Of course, it is good to remember that family homes are generally not low-humidity environments. Three kids, a dog and two adult parents generate steam in one form to another and in varying degrees according to times of day and placement in the home. Kitchens cooking veggies and showers in the bathroom in quick succession all increase humidity. Your furniture pieces will reach equilibrium according to your home. It’s not always easy for a maker selling to customers to work according to the equilibrium of their individual customers. Hence, we may well have to go back because someone placed their dining table up against a heat source like a radiator or in a window facing the sun. This is why we tend to make frames to make our carcasses and never make a door from solid wood without a frame! I just moved a chest of drawers from one room to another and whereas in the one room the drawers all ran freely for five years, in the new room one of the drawers was sticking. I removed two shavings from the bottoms of the drawer sides and the drawer ran freely. I will check in a day or two to see if it is still expanding but I doubt it.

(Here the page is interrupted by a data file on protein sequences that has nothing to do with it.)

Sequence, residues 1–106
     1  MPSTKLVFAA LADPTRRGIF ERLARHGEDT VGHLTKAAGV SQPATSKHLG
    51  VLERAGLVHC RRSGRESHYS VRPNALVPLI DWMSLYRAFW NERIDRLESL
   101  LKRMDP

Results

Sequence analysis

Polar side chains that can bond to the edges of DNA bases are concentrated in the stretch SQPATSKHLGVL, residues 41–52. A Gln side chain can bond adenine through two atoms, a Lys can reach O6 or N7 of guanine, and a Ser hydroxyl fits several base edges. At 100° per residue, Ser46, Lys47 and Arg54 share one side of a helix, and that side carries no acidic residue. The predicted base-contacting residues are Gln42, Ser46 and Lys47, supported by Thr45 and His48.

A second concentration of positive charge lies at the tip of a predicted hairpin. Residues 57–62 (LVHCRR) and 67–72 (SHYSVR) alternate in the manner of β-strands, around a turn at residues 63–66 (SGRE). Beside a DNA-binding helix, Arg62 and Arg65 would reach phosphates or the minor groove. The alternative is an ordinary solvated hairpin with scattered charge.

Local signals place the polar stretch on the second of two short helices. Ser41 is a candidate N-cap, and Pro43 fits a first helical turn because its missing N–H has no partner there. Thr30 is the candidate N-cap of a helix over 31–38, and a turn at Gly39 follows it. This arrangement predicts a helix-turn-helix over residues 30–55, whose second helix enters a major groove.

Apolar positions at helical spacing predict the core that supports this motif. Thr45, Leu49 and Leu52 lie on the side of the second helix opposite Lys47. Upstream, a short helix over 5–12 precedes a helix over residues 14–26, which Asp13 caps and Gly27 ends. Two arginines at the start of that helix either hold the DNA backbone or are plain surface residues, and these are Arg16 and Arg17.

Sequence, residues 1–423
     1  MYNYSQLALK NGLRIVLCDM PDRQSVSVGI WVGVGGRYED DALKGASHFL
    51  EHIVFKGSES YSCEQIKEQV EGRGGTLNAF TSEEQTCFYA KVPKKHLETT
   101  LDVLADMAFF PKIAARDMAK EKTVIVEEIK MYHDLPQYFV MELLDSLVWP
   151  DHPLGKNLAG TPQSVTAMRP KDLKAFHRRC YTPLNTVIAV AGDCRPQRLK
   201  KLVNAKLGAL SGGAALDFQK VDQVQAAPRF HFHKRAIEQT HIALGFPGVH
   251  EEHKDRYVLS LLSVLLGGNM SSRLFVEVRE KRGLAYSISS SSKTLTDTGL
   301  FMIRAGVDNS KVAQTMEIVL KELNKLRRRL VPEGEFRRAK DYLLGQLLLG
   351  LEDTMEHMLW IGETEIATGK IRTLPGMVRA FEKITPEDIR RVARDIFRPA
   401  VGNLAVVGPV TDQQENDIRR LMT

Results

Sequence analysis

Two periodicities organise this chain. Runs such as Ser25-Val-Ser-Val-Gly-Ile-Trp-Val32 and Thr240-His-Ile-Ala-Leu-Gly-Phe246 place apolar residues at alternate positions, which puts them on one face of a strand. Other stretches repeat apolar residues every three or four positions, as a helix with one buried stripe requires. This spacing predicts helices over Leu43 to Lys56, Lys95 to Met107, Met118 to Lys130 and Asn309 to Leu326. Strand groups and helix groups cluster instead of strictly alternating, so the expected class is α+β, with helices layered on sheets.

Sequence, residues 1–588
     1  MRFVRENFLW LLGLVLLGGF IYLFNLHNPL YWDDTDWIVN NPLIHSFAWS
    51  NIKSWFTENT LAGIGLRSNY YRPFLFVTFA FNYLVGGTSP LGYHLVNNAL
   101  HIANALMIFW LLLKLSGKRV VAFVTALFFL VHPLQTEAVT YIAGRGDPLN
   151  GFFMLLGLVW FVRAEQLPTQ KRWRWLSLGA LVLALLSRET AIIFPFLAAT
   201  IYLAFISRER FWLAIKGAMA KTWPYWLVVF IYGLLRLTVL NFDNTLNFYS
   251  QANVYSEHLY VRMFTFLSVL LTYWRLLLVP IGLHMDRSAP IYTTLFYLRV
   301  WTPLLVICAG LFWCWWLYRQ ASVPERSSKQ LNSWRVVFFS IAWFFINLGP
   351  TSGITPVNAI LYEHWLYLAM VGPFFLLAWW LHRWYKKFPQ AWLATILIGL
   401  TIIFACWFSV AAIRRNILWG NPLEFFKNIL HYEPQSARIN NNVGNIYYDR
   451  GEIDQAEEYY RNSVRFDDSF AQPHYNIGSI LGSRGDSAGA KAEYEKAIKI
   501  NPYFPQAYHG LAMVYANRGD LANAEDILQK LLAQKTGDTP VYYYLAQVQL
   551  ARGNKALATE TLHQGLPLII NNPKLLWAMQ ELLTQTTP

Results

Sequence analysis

I ripped my full-width boards down somewhere near to and along the pith to part the left side from the right after first crosscutting to near length, an inch or two over, mostly. Will is videoing this work for an upcoming series for Sellers’ home and though it might cramp my style just a tad it is so worth it to catch and watch what he captures with the B-roll in the videos. There is waste, of course, but this step minimises and even eliminates the risk of more distortion taking place after the cabinet is in its box form. The lighter pieces are now ready for a straightedge along the wane edge to rip and square up the length. Once planed straight I can rip parallel on the bandsaw or by hand depending on my mood and how much work I have already done.